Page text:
‘At any moment you have a choice,
That either leads you closer to your spirit,
Or further away from it.’
Thich Nhat Hanh
Most of us tend to experience a wide range of emotions over our lifetime – sometimes even in the course of a single day. Yet I find that underneath all these varied and colourful emotions, there is what I call an underlying ‘feeling tone’. And this feeling tone tends to be either one of patience, gracefulness and presence (which I call the feeling tone of love), or else one of impatience, ragged movements, and absentmindedness (which I call the feeling tone of rejection). This feeling tone is like the floor at the bottom of the ocean, and may have little in common with the stillness or tornadoes raging in the waves high above. We might be feeling fairly calm, with no major stressors to preoccupy us, and yet we are rushing through our tasks with a sense of impatience, choosing, on some level, to not be quite present. Or we might be under a lot of strain, feel quite agitated and exhausted, and yet the smile we bring to someone who is suffering is warm and compassionate.
We often have little awareness of this feeling tone, and yet, in my experience, it’s something we can easily influence for the better. Intuitively, it might seem that the opposite should be the case – that we should be able to influence the waves of our superficial emotions more easily than the feeling tone of the ocean floor. Yet, in fact, we always have a choice about how we choose to engage with each moment. Mindfulness, at its heart, is about taking good care of our lives, living it with a sense of presence and love.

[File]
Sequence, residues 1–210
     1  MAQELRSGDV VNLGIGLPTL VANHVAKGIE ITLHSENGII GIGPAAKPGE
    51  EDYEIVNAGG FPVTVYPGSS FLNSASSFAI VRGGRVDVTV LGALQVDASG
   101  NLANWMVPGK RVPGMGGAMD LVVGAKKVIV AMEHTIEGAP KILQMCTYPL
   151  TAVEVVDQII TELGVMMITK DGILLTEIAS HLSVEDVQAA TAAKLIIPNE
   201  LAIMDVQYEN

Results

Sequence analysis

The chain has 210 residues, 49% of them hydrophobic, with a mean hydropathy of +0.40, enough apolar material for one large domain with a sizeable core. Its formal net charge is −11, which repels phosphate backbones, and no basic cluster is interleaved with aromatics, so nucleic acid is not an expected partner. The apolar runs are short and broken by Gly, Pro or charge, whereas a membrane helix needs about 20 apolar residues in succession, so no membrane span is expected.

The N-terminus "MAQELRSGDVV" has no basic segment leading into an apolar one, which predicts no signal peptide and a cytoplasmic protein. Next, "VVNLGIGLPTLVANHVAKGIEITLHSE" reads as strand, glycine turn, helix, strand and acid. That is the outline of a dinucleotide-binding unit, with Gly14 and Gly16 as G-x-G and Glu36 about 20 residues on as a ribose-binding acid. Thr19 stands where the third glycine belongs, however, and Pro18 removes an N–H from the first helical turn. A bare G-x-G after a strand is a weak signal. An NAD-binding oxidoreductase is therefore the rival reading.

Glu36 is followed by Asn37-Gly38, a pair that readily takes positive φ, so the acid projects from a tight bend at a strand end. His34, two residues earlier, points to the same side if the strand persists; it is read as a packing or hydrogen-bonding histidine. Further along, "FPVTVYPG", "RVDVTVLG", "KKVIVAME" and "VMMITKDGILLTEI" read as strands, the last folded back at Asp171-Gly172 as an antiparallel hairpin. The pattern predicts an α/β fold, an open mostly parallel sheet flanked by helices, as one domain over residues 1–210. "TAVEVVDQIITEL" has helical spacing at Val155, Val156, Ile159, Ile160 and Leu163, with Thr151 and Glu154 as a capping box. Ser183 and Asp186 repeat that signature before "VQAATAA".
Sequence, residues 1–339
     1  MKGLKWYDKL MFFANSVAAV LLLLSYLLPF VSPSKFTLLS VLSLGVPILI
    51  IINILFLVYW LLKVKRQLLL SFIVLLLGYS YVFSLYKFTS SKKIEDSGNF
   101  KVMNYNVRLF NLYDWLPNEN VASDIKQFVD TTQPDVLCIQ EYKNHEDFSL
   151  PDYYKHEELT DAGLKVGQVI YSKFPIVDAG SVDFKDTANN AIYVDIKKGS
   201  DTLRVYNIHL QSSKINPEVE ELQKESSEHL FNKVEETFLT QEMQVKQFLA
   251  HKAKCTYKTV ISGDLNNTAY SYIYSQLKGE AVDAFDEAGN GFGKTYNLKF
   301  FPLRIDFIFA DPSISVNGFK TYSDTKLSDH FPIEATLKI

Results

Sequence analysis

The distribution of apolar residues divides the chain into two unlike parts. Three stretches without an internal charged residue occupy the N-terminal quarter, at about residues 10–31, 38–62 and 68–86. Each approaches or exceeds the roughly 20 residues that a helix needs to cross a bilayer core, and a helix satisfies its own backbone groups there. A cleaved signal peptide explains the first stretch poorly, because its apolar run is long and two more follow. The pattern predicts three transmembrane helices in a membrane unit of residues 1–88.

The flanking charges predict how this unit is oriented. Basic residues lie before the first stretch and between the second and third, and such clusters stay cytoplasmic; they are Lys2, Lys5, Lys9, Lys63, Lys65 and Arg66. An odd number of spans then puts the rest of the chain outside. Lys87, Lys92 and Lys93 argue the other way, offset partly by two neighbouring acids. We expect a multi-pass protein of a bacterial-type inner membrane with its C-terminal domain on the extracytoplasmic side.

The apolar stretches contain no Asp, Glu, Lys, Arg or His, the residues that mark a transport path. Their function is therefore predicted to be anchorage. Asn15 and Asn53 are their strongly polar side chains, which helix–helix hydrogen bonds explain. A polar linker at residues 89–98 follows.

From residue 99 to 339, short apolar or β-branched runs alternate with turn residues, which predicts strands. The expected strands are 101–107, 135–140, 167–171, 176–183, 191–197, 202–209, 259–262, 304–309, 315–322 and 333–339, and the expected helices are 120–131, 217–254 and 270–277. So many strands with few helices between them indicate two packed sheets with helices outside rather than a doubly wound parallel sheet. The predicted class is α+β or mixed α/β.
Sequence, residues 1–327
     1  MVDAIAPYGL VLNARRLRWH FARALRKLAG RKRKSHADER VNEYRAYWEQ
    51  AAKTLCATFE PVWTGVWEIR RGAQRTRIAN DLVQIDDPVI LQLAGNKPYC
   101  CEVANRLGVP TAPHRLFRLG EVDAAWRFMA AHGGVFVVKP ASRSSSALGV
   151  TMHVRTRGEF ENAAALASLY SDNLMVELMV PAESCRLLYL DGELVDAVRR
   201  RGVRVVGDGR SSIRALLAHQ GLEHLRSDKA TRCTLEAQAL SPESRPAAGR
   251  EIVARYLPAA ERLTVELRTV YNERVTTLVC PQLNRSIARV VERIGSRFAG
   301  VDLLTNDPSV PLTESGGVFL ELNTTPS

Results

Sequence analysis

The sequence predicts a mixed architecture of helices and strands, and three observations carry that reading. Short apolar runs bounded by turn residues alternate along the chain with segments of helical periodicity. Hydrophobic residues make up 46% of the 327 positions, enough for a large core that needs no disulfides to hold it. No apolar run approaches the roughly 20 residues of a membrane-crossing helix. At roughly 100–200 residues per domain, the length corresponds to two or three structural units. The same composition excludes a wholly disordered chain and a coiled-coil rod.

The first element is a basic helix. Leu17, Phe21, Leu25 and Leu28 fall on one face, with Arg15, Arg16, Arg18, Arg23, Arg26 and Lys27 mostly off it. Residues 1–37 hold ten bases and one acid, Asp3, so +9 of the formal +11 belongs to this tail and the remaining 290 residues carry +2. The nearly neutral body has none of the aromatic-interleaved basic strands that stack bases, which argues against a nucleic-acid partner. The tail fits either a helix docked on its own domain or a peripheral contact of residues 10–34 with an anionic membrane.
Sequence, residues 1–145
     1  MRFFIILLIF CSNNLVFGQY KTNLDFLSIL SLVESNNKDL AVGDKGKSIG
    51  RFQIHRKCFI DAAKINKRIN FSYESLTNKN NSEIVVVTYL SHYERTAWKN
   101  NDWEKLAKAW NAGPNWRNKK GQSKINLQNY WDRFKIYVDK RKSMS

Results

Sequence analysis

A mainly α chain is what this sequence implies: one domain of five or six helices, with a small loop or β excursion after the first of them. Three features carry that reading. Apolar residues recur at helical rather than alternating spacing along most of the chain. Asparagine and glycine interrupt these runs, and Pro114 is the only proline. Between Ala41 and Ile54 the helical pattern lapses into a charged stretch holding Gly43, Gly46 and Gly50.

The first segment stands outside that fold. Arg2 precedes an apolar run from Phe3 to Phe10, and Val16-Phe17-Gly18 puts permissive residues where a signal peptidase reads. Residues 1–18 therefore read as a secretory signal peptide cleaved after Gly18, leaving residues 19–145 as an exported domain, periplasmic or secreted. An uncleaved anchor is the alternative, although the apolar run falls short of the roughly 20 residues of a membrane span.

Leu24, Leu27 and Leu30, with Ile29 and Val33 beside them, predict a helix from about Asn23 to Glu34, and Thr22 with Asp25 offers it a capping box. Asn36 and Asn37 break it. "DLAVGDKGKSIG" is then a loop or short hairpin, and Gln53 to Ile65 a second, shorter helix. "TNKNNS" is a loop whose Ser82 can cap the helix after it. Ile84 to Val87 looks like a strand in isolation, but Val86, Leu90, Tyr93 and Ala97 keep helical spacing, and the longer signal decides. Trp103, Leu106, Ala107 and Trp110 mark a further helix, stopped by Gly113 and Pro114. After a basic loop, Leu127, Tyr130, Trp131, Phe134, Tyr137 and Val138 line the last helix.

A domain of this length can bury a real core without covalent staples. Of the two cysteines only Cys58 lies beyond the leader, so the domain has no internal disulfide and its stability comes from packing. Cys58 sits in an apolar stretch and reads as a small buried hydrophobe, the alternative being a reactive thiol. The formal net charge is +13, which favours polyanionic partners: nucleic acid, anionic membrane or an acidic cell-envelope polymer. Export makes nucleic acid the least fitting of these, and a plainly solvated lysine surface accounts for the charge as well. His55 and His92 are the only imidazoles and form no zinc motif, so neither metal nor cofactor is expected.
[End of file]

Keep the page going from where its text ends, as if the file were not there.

The real work of mindfulness is mostly at the level of the feeling tone. We don’t try to transform ‘bad emotions’ into ‘good emotions’. Instead, we choose to bring a sense of kind presence to our lives, whatever happens to be going on right now. A regular practice will make us more aware of the level of engagement we bring to our lives – whether, in each moment, the underlying feeling tone is one of love, or one of rejection. This can be quite subtle, but the influence on our life is very powerful. Mindfulness is life-affirming – it’s about saying yes to our lives, not ‘yes, but only if… and when…’, while waiting for the perfect conditions. If we wait for the conditions to be perfect before we say yes to life, we could be waiting for a very long time!
We don’t usually go to the beach and tell the ocean – ‘I can’t accept you today, your waves are bit too choppy, sorry!’ And yet, unconsciously, this is how we often choose to live our lives. Saying yes to our lives doesn’t mean we don’t work at improving ourselves and our life. It’s like the love we may have for a child or a pet – hopefully we don’t only love them when they’re perfect, or else we think they’re so wonderful that we never offer them any guidance. We can engage with our lives with gentle discipline, seeking the guidance of mentors and teachers, and at the same time fully embrace the life we have, bringing a loving presence to each moment, making the choice to be fully here now.
Weekly practice idea:
Make the intention this week to tune into your underlying feeling tone from time to time. What do you notice?